The strange machine along the streets of Madrid seized my attention.
Its long arms reached out and wrapped themselves around the trunk of a tree. Its motor vibrated those arms at high speeds so they could shake the tree violently. Its net sat suspended just beneath the lowest branches. As the machine buzzed and roared, a hundred ripe oranges fell from the branches to land in the net below — a hundred ripe oranges that could feed and satisfy a hundred people. That machine was carefully designed to release the fruit from the tree — to release it by shaking.
The nets filled with oranges remind me of something the apostle Paul once wrote about times of trial and tribulation, of deep sorrow and loss. He contended that Christians must be prepared to be afflicted, perplexed, persecuted, and even struck down — a collection of words meant to display the variety of ways in which God may call us to suffer (2 Corinthians 4:8–9).
The God who is sovereign over all things may lead us into times and contexts that are deeply painful. Yet we can be confident that our suffering is never arbitrary and never meaningless, for God always has a purpose in mind. Hence, Paul says more: we will be “afflicted in every way, but not crushed; perplexed, but not driven to despair; persecuted, but not forsaken; struck down, but not destroyed.” For those in Christ, God’s purpose is never to harm us and never to ruin us.
“The God who is sovereign over all things may lead us into times and contexts that are deeply painful.”
So what is God’s purpose in our suffering? Why does God sometimes lead us away from the green pastures and still waters to call us instead to follow him into deep and dark valleys (Psalm 23)? These were questions that were much on my mind in the days, weeks, and months following the Lord’s decision to call my son to himself.
God Left Us Sonless
Nick, age 20, was at seminary and taking a break from his studies to play a game with a group of his friends when, in an instant, his heart stopped, his body fell to the ground, and his soul went to heaven. His friends tried to revive him, a passing doctor tried to revive him, responding paramedics and emergency-room doctors tried to revive him. But it was to no avail. God had called him home. And since God had summoned him to heaven, there was no doctor, no medication, and no procedure that could keep my son here on earth.
I don’t know why God determined that Nick would live so short a life, why he would leave this world with so little accomplished and so much left undone. I don’t know why God determined to leave Aileen and me sonless, Abby and Michaela brotherless, Ryn fiancéless and ultimately husbandless. I don’t know why God did it — why God exercised his sovereignty in taking away a young man who was so dearly loved, who was so committed to serving Jesus, and who had so much promise. But I don’t need to know, for, as Moses said, “The secret things belong to the Lord our God” (Deuteronomy 29:29).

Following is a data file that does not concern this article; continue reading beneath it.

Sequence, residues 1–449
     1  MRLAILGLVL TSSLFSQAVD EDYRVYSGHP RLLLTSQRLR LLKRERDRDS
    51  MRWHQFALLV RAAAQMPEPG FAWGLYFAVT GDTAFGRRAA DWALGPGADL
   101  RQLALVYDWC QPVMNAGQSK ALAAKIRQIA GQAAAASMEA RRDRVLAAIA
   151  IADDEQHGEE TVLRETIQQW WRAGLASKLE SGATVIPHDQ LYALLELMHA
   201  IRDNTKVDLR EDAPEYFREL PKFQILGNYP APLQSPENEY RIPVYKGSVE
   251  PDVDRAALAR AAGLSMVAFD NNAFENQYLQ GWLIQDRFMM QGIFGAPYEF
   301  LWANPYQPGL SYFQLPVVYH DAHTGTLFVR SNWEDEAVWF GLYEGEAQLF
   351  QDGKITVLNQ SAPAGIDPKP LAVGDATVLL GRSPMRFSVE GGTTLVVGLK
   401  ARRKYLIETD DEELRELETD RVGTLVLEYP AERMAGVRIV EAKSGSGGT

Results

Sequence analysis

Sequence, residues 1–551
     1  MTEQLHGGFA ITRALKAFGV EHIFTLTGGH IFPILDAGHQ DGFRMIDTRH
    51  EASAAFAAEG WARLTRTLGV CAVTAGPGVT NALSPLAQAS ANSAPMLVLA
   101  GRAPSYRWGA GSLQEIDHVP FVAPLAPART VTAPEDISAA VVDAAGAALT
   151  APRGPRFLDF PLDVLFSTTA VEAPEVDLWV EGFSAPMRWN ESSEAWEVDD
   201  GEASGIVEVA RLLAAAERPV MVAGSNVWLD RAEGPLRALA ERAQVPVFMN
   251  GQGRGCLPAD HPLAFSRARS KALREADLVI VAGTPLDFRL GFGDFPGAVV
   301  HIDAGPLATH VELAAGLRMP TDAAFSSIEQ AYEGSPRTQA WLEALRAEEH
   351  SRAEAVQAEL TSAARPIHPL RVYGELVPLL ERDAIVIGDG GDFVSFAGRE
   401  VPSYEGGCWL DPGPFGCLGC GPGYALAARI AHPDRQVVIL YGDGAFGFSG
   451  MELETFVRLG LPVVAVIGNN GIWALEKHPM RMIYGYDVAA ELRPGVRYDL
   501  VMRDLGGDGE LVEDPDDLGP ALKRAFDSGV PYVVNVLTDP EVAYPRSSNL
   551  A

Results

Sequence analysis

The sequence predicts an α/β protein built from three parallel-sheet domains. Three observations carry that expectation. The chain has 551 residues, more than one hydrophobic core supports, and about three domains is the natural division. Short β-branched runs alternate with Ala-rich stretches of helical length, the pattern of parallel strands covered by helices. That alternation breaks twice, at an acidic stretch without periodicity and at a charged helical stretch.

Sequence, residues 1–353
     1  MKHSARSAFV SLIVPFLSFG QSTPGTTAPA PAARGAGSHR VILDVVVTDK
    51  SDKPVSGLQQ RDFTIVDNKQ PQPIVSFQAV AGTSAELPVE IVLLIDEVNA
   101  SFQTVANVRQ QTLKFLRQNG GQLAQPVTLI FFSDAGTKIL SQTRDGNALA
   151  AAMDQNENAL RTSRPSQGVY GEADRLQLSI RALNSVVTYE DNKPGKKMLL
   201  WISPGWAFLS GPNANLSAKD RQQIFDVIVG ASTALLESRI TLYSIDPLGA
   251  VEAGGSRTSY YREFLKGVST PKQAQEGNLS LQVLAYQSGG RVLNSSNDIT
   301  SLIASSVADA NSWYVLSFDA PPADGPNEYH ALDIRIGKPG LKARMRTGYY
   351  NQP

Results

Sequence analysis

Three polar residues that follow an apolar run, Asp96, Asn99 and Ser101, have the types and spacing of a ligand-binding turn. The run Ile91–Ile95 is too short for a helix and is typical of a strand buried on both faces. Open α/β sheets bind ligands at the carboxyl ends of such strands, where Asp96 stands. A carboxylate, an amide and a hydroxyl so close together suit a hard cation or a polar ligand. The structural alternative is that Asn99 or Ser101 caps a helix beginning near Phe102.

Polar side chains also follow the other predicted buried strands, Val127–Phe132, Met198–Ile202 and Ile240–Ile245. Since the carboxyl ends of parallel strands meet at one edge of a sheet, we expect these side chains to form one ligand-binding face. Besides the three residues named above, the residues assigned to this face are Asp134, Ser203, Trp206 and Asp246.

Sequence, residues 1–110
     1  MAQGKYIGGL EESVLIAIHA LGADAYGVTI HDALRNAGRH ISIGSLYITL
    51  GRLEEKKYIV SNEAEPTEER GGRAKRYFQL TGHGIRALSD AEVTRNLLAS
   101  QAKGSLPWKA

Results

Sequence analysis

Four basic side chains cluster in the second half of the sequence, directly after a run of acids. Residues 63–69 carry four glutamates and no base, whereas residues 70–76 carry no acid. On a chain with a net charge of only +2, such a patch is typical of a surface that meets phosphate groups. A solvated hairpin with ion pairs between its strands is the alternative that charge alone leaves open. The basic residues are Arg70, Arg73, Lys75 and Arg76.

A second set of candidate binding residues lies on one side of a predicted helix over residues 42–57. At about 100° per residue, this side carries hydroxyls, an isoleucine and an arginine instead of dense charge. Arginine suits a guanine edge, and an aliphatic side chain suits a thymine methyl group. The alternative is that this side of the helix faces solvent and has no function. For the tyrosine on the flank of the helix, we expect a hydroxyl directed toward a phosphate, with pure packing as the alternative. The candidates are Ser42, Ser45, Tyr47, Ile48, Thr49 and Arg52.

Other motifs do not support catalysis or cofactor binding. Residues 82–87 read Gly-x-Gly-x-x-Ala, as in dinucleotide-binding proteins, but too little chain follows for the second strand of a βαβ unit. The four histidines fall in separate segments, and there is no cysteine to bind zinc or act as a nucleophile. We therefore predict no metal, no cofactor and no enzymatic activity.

While I don’t know why God did it, I am already beginning to understand how God is using it.
Lamentation Without Resentment
On the streets of Madrid, a machine shakes the orange trees to cause them to release their fruit. It shakes them violently, shakes them so hard that it almost looks as if the branches must snap, as if the trunk must splinter, as if the entire tree must be uprooted. Yet this is the way it must be done, for the delicious fruit is connected tightly to the inedible branches. And the moment the machine has collected the fruit, I observe, it ceases its shaking, it furls up its net, it withdraws its arms, and it backs away, leaving the tree healthy and well, prepared to bear yet another harvest.
And just like that machine shook the orange tree, Nick’s death has shaken me and shaken my family and shaken my church and shaken Nick’s friends and shaken his school — shaken us to our very core. Yet this shaking, though it has been violent and exceedingly painful, has not caused us to break. We have raised our voices in lamentation, but never in rebellion. We have raised hands of worship, but never fists of rage. We have asked questions, but have never expressed resentment.
“God does not mean to harm us when he shakes us, but simply to release the fruit.”
To the contrary, as I look at those who love Nick most, I see them displaying fresh evidences of God’s grace. I see them growing in love for God, in the joy of their salvation, in the peace of the gospel, in their patience with God’s purposes, in kindness toward others, in the goodness of personal holiness, in faithfulness to all God has called them to, in gentleness with other people’s sins and foibles, and in that rare, blessed virtue of self-control. I see them bearing the precious fruit of the Spirit as never before (Galatians 5:22–23).
Shaken to Bear Fruit
Just as the fruit of the tree clings tightly to the branch, the evil within us clings tightly to the good, the vices to the virtues, the immoral to the upright. God does not mean to harm us when he shakes us, but simply to release the fruit — to do what is necessary to separate what is earthly from what is heavenly, what dishonors him from what delights his heart.
As I consider my wife, as I consider my girls, as I consider Nick’s precious fiancée, as I consider his friends and fellow church members, I see that they have been deeply shaken by his death — shaken by God’s sovereign hand. But I see as well that they have been shaken for a beautiful purpose. They have been shaken to bear fruit.